Can anyone explain why these past few years have been so good for small box card games? Going back to BGG Con 2019, we have had at least two or three card games each year that have really captured our attention and have had some staying power in our game bags or on our Board Game Arena queue. Right off the top of my head, card games like Scout, Sea Salt & Paper, The Crew (especially Mission Deep Sea), Vaalbara, Codex Naturalis, Cat In The Box, and Oh My Brains all come to mind.
And when you add the name Bruno Cathala to a small box card game about bicycle racing, it’s not hard for me to want to take a look. Does Velonimo race through the Col de l’Iseran like Eddy Merckx? Or does it have a flat tire like I did on my last bike ride through Vicksburg National Monument park?
Velonimo is a simple card game to learn for two to five players that takes about a half-hour to forty-five minutes. Expect closer to the lower time period if you are playing with a knowledgeable group, and the latter for introducing it to new players. It’s designed by Bruno Cathala and published by 25th Century Games here in the States with illustrations by Dominique Mertens.
The box is the first thing that caught my eye. It’s your typical card game box that fits roughly into the palm of your hand, but has a stark white background that accentuates the cartoony depictions of the animals in the bicycle race that makes up the setting for the game.
When the box is closed, it leaves a slight gap with a red line all around the edge that looks like some kind of racing stripe or tire strip. It’s completely unnecessary but I love the way it looks, because it adds some kinetic energy to the illustrations on the side that really shouldn’t exist.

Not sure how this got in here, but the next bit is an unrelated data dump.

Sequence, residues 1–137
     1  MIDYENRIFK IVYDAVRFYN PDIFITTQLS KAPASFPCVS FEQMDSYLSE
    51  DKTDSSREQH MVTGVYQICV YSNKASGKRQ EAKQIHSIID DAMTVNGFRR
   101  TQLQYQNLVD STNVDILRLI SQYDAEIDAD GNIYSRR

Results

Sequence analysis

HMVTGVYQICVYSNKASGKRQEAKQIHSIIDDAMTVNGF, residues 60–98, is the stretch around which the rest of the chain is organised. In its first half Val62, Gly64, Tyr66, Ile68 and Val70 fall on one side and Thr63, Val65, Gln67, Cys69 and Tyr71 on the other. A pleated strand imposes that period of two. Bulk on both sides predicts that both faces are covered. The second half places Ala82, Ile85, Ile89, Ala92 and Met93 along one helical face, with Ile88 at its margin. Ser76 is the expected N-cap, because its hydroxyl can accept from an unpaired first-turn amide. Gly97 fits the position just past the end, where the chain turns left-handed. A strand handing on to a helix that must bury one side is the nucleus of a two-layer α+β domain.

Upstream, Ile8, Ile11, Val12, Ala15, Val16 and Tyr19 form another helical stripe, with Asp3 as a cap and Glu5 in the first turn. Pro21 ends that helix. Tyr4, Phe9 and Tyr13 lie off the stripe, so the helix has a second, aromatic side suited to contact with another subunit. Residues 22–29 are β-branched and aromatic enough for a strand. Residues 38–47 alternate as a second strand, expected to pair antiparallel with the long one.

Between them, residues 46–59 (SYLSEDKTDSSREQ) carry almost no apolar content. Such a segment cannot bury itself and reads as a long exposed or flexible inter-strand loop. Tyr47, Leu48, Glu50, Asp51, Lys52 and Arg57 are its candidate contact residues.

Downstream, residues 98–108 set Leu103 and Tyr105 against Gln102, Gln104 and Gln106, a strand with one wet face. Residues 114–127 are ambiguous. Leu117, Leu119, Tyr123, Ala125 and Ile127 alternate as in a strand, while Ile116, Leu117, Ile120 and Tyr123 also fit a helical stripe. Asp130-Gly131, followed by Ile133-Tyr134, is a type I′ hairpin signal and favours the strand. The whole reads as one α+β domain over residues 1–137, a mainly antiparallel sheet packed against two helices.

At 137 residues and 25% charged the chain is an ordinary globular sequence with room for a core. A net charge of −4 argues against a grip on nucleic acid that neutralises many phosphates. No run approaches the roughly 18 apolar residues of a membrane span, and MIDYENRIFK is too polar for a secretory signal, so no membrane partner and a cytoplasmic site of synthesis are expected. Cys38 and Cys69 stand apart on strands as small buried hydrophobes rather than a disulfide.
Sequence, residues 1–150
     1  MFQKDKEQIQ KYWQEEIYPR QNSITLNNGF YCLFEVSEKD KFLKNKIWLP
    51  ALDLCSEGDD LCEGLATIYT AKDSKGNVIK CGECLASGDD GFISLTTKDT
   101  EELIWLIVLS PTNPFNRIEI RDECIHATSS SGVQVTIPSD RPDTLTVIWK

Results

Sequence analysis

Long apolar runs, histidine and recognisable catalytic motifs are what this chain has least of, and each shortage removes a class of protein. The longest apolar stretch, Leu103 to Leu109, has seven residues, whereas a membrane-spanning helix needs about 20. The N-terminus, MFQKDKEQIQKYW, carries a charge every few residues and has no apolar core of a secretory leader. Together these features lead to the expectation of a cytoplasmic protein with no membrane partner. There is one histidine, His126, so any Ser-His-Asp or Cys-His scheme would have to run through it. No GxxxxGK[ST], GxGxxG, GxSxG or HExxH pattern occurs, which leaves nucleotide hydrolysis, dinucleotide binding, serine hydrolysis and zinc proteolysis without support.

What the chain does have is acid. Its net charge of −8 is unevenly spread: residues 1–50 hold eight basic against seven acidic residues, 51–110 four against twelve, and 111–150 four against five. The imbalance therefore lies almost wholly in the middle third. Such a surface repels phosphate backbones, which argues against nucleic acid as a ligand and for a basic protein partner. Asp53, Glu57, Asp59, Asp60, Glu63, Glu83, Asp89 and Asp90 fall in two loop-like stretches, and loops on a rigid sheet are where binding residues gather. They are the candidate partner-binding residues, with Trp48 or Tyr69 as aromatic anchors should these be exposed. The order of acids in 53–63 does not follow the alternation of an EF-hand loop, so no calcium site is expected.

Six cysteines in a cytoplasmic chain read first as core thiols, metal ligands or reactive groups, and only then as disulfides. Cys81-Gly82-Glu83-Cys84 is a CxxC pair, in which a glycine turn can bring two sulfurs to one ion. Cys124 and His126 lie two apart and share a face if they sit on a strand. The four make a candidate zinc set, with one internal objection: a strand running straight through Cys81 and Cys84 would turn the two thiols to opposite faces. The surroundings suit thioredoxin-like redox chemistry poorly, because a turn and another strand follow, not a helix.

As much as I like reviewing boxes, I’ll bet it’s probably the gameplay that you are more interested in learning about. In this game, players are “racing to the summit” each round by trying to get rid of their hands faster than the other players. So at first glance, it’s a pretty typical card-shedding game like Scout which means it’s easy to teach because many players are familiar with that mechanism.
Each players starts with a random hand of cards, and cards can be played as singles — increasing the “attack value” (the game’s racing term for playing the initial card) of the hand that is played each time.
So if someone starts out with a “six” for instance, then the next person has to play a single card with a higher value number, or a combination of cards that add up to greater. You’ll start out by playing the single cards — getting rid of those cards is a no-brainer.
But the fun begins when you can play those combos. If you play a combination of two or more cards, either cards of the same color or cards of the same number on the face, then you add the face value of the lowest card that is played PLUS add 10 more points per card played to the total value (as a bonus for combo-wambo-ing).
First person to shed their entire hand gets the maximum points that round. In the first round, the points are small, just one point per person still left with cards in their hand. But each round, the points multiply, making going out even more lucrative.